As DVD grew into a consumer phenomenon during the early part of the decade, an entire creative industry dedicated to making bonus disc content burgeoned right along with it.

This energized movement was led by an elite group of indie filmmakers who were handpicked in many cases by top helmers to adapt their iconic films into so-called “special edition” releases.

Now, 10 years after the introduction of the DVD, studios have established efficient production operations for the creation of bonus material so that even new releases with lukewarm critical and commercial success get the special-edition treatment.

Meanwhile, many denizens of the bonus biz are now plying their creativity and innovation to high-def formats that may never achieve wide-scale consumer acceptance instead of thinking up new ways to freshen up the product that’s already achieved unprecedented levels of popularity.

Have DVD’s supplemental possibilities — which once seemed so limitless — settled into mechanized production processes churning out a never-ending cycle of deleted scenes, commentaries and making-of featurettes?

Like good things in Hollywood tend to do, the success generated by fresh, innovative bonus features has led to an unwarranted proliferation of “collectors editions,” DVD creatives concede.

George Feltenstein, senior VP of theatrical catalog marketing for Warner Home Video, says too many unremarkable movies get the special-edition treatment these days and that some applications are so egregious they’re “an abomination against man and God. It was intended for movies like ‘Citizen Kane,’ ” he adds. “Changing the color of the box and adding one extra feature is called ripping off the public.”

“When I started, there were no limitations,” says Laurent Bouzereau, an acclaimed DVD producer whose credits number well over 200. Those credits include Sony’s about-to-be-released 30th anniversary “Ultimate Edition” of “Close Encounters of the Third Kind.”

On many releases today, Bouzereau says, the bonus materials have degraded to a “forgettable aspect of the DVD. It’s hard to keep up with so many movies coming out. A lot of (supplemental content) has lost its artistic integrity.”

For their part, the studios have very good reasons for loading their discs with materials.

“In terms of measuring whether extras sell more units, I’ve not seen any studies that give a definitive answer,” says Mike Mulvihill, senior VP of content development for New Line Home Entertainment. “But the sense we get is that if a consumer is on the fence between two titles, and one has extras and the other doesn’t, the extras will win the argument.”

Even today, Feltenstein says, “some people will buy a DVD specifically for the extras.”

The need to pack discs with added value has been juxtaposed with blossoming release schedules that have slowed down only recently, with the number of catalog titles not already put out on standard-def DVD — some several times — finally dwindling.

To meet these stringent production demands, the more freewheeling methodologies that defined the earlier days of the DVD creative medium had to give way to more hardcore studio scheduling.

For several years now, on newly released films or TV programs, bonus materials are often determined during the pre-production stage, and their execution is planned out in detail and in lockstep.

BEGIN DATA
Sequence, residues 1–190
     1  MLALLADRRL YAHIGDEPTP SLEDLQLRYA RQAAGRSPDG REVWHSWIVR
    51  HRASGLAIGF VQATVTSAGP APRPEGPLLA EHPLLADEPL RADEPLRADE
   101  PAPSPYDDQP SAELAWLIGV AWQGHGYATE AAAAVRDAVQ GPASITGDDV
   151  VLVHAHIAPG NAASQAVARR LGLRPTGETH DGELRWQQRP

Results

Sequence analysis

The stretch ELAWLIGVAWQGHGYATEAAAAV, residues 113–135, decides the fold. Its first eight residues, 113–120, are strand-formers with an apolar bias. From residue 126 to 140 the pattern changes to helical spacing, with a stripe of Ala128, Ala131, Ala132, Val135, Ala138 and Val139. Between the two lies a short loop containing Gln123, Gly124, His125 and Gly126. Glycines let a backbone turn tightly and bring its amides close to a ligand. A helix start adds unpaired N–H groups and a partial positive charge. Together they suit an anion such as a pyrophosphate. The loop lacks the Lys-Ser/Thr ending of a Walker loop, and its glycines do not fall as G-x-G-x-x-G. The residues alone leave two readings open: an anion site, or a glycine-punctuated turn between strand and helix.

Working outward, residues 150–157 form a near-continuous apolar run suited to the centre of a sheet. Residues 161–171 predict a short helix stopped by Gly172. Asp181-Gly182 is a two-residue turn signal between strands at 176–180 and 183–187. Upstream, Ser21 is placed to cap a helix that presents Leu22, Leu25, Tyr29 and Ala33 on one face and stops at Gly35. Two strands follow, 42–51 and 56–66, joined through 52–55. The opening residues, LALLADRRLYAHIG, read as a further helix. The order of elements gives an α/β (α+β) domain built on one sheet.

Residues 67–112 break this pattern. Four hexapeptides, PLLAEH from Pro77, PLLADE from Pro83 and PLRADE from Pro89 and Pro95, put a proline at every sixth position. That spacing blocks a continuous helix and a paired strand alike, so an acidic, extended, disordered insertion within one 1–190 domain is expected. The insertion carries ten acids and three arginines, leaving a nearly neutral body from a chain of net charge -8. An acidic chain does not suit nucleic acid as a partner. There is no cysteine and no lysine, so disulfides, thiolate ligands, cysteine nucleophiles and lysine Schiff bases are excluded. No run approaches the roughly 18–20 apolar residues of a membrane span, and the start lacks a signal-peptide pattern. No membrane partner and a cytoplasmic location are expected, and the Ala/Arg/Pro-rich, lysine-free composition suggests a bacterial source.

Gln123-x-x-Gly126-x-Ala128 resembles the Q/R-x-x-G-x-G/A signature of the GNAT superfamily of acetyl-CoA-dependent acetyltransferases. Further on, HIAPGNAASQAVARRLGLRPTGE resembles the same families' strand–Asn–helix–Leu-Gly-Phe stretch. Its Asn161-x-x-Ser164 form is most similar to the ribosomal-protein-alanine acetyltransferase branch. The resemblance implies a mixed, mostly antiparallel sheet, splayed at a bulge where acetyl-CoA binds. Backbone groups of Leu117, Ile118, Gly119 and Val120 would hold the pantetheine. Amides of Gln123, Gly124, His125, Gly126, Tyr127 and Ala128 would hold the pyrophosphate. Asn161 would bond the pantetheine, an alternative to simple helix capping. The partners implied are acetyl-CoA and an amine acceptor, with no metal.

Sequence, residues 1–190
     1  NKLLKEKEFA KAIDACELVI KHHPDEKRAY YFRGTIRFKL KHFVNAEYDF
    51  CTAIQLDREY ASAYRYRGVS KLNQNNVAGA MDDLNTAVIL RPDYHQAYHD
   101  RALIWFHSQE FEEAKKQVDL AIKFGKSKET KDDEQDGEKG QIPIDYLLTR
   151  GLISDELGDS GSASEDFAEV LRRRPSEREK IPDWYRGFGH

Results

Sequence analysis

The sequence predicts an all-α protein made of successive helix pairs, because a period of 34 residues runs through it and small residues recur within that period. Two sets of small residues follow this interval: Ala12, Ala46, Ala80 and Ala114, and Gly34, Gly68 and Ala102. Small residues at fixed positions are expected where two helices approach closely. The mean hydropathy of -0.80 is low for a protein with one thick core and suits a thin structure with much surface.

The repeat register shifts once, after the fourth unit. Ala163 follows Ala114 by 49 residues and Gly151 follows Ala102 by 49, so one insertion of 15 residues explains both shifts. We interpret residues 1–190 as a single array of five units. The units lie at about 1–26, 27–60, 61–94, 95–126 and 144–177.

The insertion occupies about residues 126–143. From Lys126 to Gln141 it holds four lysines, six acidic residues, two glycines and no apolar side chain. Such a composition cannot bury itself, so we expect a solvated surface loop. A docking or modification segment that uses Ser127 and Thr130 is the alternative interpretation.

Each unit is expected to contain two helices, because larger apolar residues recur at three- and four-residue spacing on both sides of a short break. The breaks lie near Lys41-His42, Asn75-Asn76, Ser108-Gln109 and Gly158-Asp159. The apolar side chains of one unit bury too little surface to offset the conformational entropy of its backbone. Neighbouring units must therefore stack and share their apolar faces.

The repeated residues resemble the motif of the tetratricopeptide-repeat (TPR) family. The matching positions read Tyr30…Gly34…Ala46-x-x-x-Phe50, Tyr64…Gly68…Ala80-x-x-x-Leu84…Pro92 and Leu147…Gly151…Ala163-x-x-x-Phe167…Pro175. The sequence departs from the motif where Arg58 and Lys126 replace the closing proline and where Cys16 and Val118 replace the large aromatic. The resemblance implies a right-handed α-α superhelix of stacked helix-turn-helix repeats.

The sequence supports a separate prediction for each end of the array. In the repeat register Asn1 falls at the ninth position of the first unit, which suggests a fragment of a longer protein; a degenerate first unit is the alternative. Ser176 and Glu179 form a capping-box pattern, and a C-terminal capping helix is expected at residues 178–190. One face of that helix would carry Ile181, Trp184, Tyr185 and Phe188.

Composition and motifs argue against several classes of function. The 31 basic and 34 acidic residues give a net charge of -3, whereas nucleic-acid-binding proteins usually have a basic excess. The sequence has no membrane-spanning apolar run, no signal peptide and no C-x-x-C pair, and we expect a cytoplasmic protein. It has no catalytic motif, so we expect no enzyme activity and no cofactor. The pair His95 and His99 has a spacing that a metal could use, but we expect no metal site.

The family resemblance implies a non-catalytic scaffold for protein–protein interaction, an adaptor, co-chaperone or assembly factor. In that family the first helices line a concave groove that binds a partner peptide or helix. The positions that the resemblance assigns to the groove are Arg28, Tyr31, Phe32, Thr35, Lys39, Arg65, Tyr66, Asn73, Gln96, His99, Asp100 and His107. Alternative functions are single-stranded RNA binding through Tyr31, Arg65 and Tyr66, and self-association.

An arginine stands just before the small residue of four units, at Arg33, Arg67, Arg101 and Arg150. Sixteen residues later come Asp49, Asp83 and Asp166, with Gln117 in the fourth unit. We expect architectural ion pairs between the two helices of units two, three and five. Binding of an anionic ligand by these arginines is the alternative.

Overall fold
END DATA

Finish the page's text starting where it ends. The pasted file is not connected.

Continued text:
“We’ve developed a process that allows us to be involved in the entire production,” says Andy Siditsky, senior veep of worldwide DVD production and creative services for Walt Disney Studios Home Entertainment. “We work really closely with theatrical. The evolution of bonus features is that it’s become a lot more integrated into the production itself. We’re involved at the beginning of the production, given a lot more access, whether it’s a movie or TV. That, of course, allows for the capturing of far more interesting and intriguing materials for DVD.”

Adds Jeff Raedoycis, senior VP of worldwide DVD production for Paramount: “It’s all about logistics: We’ve been doing this for 10 years now, and we know how to schedule everything out.”

With today’s careful production planning, few big new releases slip by without the helmer and key cast members offering their commentary, and the gathering of behind-the-scenes docus has almost become routine.

This production synergy has allowed filmmakers and showrunners to be directly involved with the production in a way they couldn’t be before.

Still, with the novelty of established extras wearing thin, even the studios themselves are hoping that their DVD production partners will surprise them with something a little different than a blooper reel.

“They’re pushing us to come up with something new in the standard-definition world beyond the behind-the-scenes featurette,” notes Mike Meadows, president of home entertainment for New Wave Entertainment. “They want us to be a little more creative and original.”

At the same time, however, New Wave’s studio clients are pushing the company and its competitors to imagine brand-new experiences that can be delivered to viewers via Blu-ray and HD DVD, which offer far more interactive potential than traditional DVD technology.

So far, what DVD creatives have come up with in regard to these new formats has been largely underwhelming — mostly it’s just the same old docus and commentaries, only you can run them simultaneously with the film.

But it’s early in the game for both HD DVD and Blu-ray, and cooler stuff is coming, notes Meadows, who must now spread his creative energy across three platforms.

“(Blu-ray and HD DVD) have put more pressure on us,” he concedes. “We sometimes have to come up with three different features for the same title.”

For his part, Meadows and other DVD creatives seem re-energized by this pressure.

“The adventurous new thinking that defined the Wild West days of DVD is now in the HD world,” he explains. “It’s the new frontier. … It’s a fun time to be in the DVD business.”